The Best Sports Documentaries on Netflix Will Make You Go Full Rocky
Sport documentaries are timeless. And while I am always quick to argue that the ol' talking heads format needs an update, the reality is that I'll watch just about anything that reveals how awesome Michael Jordan was at basketball alongside highlights of his greatest dunks. And thankfully, many of Netflix's sports docs jump straight into the action, retelling unbelievable stories that will inspire even the laziest among us to rise from the couch and take on the impossible.
In documentaries such as The Last Dance, Naomi Osaka, and Last Chance U, rousing stories are plucked from the world of sports—football, basketball, tennis, Formula 1, and gymnastics—and given the silver screen treatment. Below are the nine best that the streamer has to offer.
Athlete A follows reporters from The Indianapolis Star as they break one of the biggest sporting world controversies of this century—uncovering the hundreds of reports of sexual assault allegations against USA Gymnastics doctor Larry Nassar. Led by gymnast Maggie Nichols (who was referred to as “Athlete A” during investigations to protect her identity) the case didn’t see justice until a year after the documentary premiered when Simone Biles and Aly Raisman testified at the Senate Judiciary hearing.
Last Chance U
Nearly every documentary on this list owes some small part of its success to Last Chance U. Back in the prehistoric days of Netflix, director Greg Whiteley took a camera crew to East Mississippi Community College with one goal in mind: To get to know its football players. Like, really know them. The resulting six seasons (including its basketball spinoff series, Last Chance U: Basketball) are a feat of filmmaking—and empathetic storytelling.
Cheer didn't become a national sensation for nothing, people. The docuseries, which follows the uber-decorated Navarro College cheerleading squad, shows the pain, triumphs, and sheer beauty of the sport. Plus, you know, there's the drama, as we meet sports-movie-worthy figures like Monica Aldama and La'Darius Marshall. What's the fun without it?
Formula 1: Drive to Survive
Well, speaking of national sensations, how about the series that dug its hooks into an infamously Formula 1-apathetic country? Drive to Survive does what the likes of the NBA and NFL wouldn't dare, showing us the inner lives of its greatest athletes. Lewis Hamilton, Max Verstappen, Lando Norris—they're all here. And thanks to them, now we all want to go fast.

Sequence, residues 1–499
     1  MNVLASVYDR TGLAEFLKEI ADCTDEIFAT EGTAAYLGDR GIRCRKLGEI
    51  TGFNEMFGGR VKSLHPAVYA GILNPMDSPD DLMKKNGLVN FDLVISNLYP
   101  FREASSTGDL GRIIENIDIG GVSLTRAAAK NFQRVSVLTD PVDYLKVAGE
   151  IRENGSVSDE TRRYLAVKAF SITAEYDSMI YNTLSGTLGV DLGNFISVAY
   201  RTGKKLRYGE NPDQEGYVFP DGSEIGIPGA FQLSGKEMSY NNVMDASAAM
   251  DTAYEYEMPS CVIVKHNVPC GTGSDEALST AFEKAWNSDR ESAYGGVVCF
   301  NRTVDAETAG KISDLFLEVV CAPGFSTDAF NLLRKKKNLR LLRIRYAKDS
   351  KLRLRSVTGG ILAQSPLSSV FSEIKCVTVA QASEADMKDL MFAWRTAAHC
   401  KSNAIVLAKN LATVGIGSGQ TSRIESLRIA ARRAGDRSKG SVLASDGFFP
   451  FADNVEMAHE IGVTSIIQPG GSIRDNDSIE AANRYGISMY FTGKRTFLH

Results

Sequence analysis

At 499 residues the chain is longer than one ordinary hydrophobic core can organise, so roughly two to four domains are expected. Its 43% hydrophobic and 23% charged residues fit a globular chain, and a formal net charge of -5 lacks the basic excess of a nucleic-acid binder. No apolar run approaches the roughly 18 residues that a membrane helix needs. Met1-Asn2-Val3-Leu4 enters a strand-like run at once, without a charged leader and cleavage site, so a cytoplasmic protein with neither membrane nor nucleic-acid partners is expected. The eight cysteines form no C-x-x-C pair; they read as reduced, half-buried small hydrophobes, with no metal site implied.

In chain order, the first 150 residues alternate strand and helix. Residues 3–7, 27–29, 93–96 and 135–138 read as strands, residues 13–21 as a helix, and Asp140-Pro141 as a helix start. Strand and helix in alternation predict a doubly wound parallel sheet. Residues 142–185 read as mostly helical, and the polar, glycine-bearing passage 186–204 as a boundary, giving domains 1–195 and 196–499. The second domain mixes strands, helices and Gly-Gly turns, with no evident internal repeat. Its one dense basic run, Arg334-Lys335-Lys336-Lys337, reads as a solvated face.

Think of Untold as 30 for 30's moody little sibling. Just like the long-running ESPN series, Untold favors sports stories that simply need another look: Manti Te'o's catfishing scandal, the 1983 America's Cup, and of course, Malice at the Palace. Up next? The one and only Johnny Manziel
The Last Dance
There’s a reason people say “Michael Jordan” when they’re asked to name the greatest athlete of all time. With two separate championship threepeats to his name, it was almost certain that if Michael was playing, the trophy was his to claim. The Last Dance, which chronicles Jordan's epic career, also focuses on the people who helped make him such a star—namely, NBA legends Scottie Pippen, Dennis Rodman, and coach Phil Jackson. Sure, a documentary series with Michael Jordan as its star doesn’t need me to sell it, but it truly is one of the best autobiographical series of the last decade.
Basketball or Nothing
Sick of overproduced sports documentaries that claim to have the true story of an icon but are really just an unscratched statue of its subject? (*Cough, cough* Man in the Arena.) Just watch Basketball or Nothing, which features a group of high-school ballers from the biggest high school in Navajo Nation. You'll meet a group of young men who simply love to hoop—and, trust me, it's the ego-free antidote you need in the sports world right about now.
After winning back-to-back Grand Slam tennis titles at the 2018 US Open and the 2019 Australian Open, Naomi Osaka was on top of the sports world. Not too long after, though, Osaka stepped aside during the pandemic to focus on her mental health, a decision that people both celebrated and jeered. Thanks to inspiration from the #BlackLivesMatter movement, she returned to the US Open in 2020 with hopes of winning it all once again, with camera crews in tow.
The Redeem Team
Following in the footsteps of the Dream Team—the U.S. men’s Olympic Basketball squad that won the 1992 gold medal—the 2008 Redeem Team had a lot to prove. LeBron James, the late Kobe Bryant, Dwayne Wade, Coach K, and Carmelo Anthony went to Beijing in hopes of, well, redeeming themselves after failing to win gold four years prior in Athens. The ensuing doc features some of the best inside stories about Bryant since the NBA star’s tragic death nearly three years ago.
From: Esquire US